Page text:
This topic describes the terms that are used in Apsara File Storage NAS (NAS). To better understand and use NAS, we recommend that you read this topic.
Architecture of NAS
NAS is a distributed file sharing solution that provides high scalability, reliability, and performance. NAS allows you to migrate business data from on-premises storage systems to Alibaba Cloud without the need to modify your application code. Each NAS file system can be mounted on thousands of compute nodes, such as Elastic Compute Service (ECS) instances and Container Service for Kubernetes (ACK) clusters. The following figure shows the relationships between compute nodes and a NAS file system.
Alibaba Cloud terms
The ID of the Alibaba Cloud account. The account ID is a string of numbers. You can view the account ID on the Account Management page of the Alibaba Cloud Management Console.
In most cases, you must mount a NAS file system on a compute node of the same Alibaba Cloud account. A cross-account mount is complex. For more information, see Enable a cross-account mount for a file system.
A geographic location where Alibaba Cloud data centers are deployed. Examples: China (Hangzhou) and China (Beijing).
An isolated location in a region where the power supply and network are independent. Examples: Hangzhou Zone B and Frankfurt Zone A.
A logically isolated network. You can connect two virtual private clouds (VPCs) by using Cloud Enterprise Network (CEN).
A network environment is a prerequisite for compute nodes to access NAS file systems. We recommend that you use a VPC rather than the classic network for better user experience.
A place where files are stored. A file system can be mounted on a compute node by using a mount target. The data and metadata in the file system are stored in the traditional directory tree structure. A file system supports simultaneous access from hundreds of compute nodes for data sharing and highly concurrent read and write operations.
NAS file systems are more applicable to applications than network disks. RESTful APIs are not supported.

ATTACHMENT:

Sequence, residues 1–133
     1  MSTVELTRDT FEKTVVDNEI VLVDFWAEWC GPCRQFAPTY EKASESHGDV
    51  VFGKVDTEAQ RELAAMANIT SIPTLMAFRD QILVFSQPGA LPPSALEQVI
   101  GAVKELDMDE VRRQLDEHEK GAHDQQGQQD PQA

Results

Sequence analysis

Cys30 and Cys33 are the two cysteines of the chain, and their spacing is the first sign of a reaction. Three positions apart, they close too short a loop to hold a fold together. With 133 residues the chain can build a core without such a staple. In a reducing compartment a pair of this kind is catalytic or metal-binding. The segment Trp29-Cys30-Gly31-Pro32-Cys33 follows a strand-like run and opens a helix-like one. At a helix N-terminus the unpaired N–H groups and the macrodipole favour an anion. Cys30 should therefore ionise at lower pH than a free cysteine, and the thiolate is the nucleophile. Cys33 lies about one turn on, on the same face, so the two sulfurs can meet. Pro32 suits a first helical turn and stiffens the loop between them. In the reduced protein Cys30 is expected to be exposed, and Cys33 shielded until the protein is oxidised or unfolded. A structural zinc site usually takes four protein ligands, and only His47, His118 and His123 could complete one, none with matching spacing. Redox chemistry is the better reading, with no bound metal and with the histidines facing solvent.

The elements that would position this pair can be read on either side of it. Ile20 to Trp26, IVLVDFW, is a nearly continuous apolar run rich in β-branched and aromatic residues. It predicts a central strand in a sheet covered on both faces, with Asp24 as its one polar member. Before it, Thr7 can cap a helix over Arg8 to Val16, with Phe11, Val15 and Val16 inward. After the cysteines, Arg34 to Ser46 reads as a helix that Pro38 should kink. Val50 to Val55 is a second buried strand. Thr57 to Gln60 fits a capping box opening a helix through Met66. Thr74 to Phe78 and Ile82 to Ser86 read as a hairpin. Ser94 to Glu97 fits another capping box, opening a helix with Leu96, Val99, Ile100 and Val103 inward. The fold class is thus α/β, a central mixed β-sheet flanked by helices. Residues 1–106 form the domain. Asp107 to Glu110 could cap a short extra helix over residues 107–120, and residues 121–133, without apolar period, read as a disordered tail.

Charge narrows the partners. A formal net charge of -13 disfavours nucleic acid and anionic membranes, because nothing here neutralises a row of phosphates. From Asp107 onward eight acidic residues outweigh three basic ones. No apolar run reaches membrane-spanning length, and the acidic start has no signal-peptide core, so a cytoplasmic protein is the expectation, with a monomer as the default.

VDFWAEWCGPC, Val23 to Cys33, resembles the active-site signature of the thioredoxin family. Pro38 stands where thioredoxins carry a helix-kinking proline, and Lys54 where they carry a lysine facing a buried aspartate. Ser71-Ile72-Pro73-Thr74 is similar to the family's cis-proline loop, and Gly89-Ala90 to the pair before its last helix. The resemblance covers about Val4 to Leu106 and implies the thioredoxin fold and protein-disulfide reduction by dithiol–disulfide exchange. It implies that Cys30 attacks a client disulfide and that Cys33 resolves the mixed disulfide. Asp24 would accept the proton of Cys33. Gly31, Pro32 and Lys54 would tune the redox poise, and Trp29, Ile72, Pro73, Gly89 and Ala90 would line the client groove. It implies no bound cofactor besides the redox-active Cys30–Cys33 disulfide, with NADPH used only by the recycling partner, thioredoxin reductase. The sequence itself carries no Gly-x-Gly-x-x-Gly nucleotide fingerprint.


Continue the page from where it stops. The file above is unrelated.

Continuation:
A billing method for General-purpose NAS file systems. This billing method allows you to plan your NAS resources and enjoy discounts.
The process to connect a compute node to a NAS file system. After a NAS file system is mounted on a compute node, the compute node can access data in the file system.
You can mount a NAS file system on an Elastic Compute Service (ECS) instance by using the CLI. You can also mount a NAS file system on a container cluster (for example, a Kubernetes cluster) by using the console or configuration file.
A connection point of a NAS file system in the classic network or a VPC. Each mount target is displayed as a domain name.
A group that is used to configure the access permissions of a mount target. You can add rules to a permission group to specify the IP addresses and the corresponding read and write permissions on the file system.
A type of General-purpose NAS file systems. Capacity NAS file systems are applicable to scenarios that require high cost efficiency and large capacity.
Capacity NAS file systems support the auto scaling feature. The maximum capacity of a Capacity NAS file system is 10 PiB.
A type of General-purpose NAS file systems. Performance NAS file systems are applicable to scenarios that require high concurrency and high throughput.
Performance NAS file systems support the auto scaling feature. The maximum capacity of a Performance NAS file system is 1 PiB.
IA storage medium
A low-cost data storage pool for General-purpose NAS file systems. IA storage media are suitable for storing data that is accessed less than three times per month.
Network File System (NFS)
A software protocol that is used to mount a NAS file system on a compute node. The NFS protocol is applicable to Linux clients and most containers.
Server Message Block (SMB)
A software protocol that is used to mount a NAS file system on a compute node. The SMB protocol is applicable to Windows clients and Windows containers.
A set of standard interfaces that are used to access files in a Linux operating system. You can call the POSIX-based APIs by using a programming language in applications to manage files.
Linux applications also use POSIX interfaces to manage on-premises files. Therefore, if you migrate on-premises files to NAS file system, you can access the files without the need to modify the application code. To achieve optimal performance of NAS file systems, we recommend that you increase the concurrency of your applications and increase the block size for read and write operations.